Robot Technology

The Red Roomba Mystery

The first version of Roomba to hit the market was more popular than we developers had dared hope. An initial factory-order for 15,000 turned quickly into an order for 25,000 followed by orders for many, many more.

The company decided to fill in the product line so we developed several new models with feature designed to appeal to different market segments. Three of the new robots had gray bumpers, the fourth was all red including the bumper.

When early production units arrived from the factory we checked to see that they worked properly. The robots with gray bumpers passed every test but the red robot was a different story. It began strong—cleaning well, turning away from cliffs, and escaping from collisions. When cleaning was done the robot detected the charging station beacon from the proper distance, turned toward it, and advanced confidently. But then, only a couple of feet from its goal, the robot became confused, hesitated, and wandered off in the wrong direction. Every attempt ended the same way, no matter where or how we started it the robot could never reach its source of electrical nourishment.

We were all baffled. The red robot had exactly the same homing electronics as the other robots; it ran exactly the same code; the beacon sent exactly the same signal to all the robots. The only difference we knew of was the color of the bumper. How could that possibly affect the way the robot behaved?

The sensor Roomba uses to detect the beacon is mounted on the bumper. Above the sensor is a little plastic dome that directs IR energy toward the detector. As the robot turns left or right the dome moves into different parts of the beam and the signal changes. For the robot to operate correctly the IR energy reaching the detector must come from nowhere but the plastic dome.

After many theories and tests we finally discovered that the gray bumpers were opaque to IR while the red bumper was translucent. The gray bumpers prevented IR energy from reaching the detector except after being directed through the dome while the red bumper let IR energy reach the detector from any direction. The robot saw the beacon everywhere, no wonder it became confused. We confirmed our diagnosis by putting black tape on the back side of the red bumper—everything worked fine.

The red bumper mystery was a fun if perplexing debugging exercise. But I think it teaches a lesson in a completely different area: Be wary of drawing conclusions from simulations. A simulation includes only those features one believes in advance to be significant. But the real world always seems to find ways to make obscure things suddenly take on vital importance. At least it does in relatively unexplored areas like robotics.


The culprit is on the left.

Robot Stories

The Denning Sentry

In the early ’90s I worked briefly at a company called Denning Mobile Robotics. At the time I arrived, about eight years after the company’s founding, Denning had developed an ambitious robot called Sentry. Sentry was a security robot designed to patrol the corridors of a warehouse, office, or other facility after hours.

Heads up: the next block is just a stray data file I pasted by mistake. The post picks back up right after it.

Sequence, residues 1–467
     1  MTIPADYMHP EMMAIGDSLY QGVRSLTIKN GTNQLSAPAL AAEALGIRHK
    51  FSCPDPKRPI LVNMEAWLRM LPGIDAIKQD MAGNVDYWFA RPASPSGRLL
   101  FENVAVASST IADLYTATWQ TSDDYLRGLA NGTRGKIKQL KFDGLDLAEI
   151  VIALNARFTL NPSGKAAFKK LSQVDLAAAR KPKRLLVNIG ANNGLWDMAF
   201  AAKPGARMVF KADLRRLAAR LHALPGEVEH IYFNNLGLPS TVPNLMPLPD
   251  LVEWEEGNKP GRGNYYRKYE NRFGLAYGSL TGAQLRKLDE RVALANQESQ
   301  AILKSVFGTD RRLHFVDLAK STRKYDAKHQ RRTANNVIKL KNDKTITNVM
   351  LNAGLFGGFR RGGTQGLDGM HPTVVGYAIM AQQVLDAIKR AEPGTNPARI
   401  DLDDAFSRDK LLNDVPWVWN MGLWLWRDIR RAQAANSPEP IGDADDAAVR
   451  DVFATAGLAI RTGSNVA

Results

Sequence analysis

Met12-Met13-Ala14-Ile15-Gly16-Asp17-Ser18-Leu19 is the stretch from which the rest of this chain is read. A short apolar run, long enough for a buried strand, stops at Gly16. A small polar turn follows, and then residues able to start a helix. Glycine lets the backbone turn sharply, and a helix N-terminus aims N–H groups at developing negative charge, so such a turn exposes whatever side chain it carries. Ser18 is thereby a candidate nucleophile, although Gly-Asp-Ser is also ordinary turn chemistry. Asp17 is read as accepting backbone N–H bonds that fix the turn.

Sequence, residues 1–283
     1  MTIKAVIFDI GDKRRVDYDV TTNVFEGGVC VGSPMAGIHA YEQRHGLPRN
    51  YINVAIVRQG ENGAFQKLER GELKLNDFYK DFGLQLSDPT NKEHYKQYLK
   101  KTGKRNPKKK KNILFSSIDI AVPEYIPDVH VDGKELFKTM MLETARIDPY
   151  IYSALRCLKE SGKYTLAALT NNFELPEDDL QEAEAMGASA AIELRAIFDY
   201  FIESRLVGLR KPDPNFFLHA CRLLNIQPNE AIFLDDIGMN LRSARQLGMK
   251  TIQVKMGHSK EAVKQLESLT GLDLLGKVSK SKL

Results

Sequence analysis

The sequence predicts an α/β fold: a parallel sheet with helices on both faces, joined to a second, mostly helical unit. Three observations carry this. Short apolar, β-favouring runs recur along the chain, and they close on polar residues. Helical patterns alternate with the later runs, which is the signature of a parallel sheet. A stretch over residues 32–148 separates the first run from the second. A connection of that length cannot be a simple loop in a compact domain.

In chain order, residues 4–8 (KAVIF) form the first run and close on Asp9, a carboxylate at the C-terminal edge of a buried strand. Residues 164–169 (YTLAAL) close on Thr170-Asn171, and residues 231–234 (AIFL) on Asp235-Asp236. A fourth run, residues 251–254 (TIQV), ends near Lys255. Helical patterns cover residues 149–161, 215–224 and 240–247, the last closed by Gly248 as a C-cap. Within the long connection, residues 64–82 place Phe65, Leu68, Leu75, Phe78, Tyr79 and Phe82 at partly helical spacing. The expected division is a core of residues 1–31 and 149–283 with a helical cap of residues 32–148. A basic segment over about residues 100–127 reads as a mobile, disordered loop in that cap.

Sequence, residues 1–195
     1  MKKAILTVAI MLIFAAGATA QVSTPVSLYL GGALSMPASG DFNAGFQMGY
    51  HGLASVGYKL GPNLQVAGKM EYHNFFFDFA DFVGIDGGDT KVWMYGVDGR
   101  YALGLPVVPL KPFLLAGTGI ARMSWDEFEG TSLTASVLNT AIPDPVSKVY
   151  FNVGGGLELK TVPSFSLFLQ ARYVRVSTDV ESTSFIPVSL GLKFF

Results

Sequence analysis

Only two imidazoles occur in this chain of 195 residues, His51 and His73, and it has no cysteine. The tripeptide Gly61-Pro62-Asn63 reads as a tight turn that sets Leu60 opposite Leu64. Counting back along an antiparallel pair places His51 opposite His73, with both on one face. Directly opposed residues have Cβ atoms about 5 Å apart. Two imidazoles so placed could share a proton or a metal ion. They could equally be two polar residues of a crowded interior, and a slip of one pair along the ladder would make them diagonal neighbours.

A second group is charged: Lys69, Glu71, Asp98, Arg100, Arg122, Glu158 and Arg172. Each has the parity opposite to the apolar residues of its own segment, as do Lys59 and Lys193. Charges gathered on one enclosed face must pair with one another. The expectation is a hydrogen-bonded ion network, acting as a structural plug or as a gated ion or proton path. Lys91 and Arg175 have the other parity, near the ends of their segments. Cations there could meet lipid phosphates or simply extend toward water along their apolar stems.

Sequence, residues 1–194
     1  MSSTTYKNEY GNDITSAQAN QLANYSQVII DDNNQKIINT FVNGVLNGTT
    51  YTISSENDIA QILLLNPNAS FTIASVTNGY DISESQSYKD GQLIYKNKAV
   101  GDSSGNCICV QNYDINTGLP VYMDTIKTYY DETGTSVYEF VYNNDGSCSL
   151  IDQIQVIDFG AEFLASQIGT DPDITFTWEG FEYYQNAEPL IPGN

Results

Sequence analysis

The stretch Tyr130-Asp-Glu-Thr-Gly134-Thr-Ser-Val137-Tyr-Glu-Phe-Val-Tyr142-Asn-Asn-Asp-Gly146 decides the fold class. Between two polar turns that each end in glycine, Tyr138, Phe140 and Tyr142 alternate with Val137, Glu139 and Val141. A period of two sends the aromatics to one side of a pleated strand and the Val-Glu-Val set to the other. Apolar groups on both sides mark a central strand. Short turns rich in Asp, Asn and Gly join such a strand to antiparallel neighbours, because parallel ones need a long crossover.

Sentry was a marvel of engineering—especially considering the technology available at the time. Sentry used a ring of sonar sensors to detect obstacles and follow walls; it used infrared and microwave motion sensors to detect intruders and a video camera to transmit a picture back to the security station. Sentry could follow a programmed path (relying on previously installed, active beacons) and would automatically return to its charging station to recharge its batteries. The robot gave impressive demonstrations.

Over the course of several years many talented, capable people designed, built, and programmed Sentry. These robot pioneers were justifiably proud of their achievement. But a commercial robot must please its customers not its builders and this is where the trouble started.

Sentry was placed at several customer sites. Denning management was confident that Sentry would be well received and gave the trial companies favorable terms. But after a few months all the robots were sent back to Denning. No one wanted to buy or lease Sentry.

Engineers sitting around the lab might imagine that a security robot would frequently encounter intruders. Maybe the voice of the guard relayed through the robot would instruct the would-be burglar to surrender or flee. Maybe the robot would even give chase. Unfortunately, Denning discovered that’s not what security staff spend most of their time doing. Instead guards do things like check the doors to make sure that they are locked, turn off the lights and the coffee pot, maybe turn down the thermostats to save energy. Sentry couldn’t do any of those things.

Sentry could roll along a corridor and report unexpected movement. For that customers had to outfit their office or warehouse with beacons and pay Denning $75,000. And someone was still needed to check that the doors were locked and the coffee pot turned off. Companies concluded that Sentry’s service wasn’t worth the price.

Denning’s example—involving people I knew—of fruitless effort and dashed hopes, dramatically illustrated to me that great technology isn’t enough. Building a really cool robot nobody wants is just an exercise in disappointment. If your work is to count for something you have to solve a problem people want solved at a price they’re willing to pay. Fulfilling a customer need at a competitive price makes a robot practical.  But achieving practicality is deceptively hard.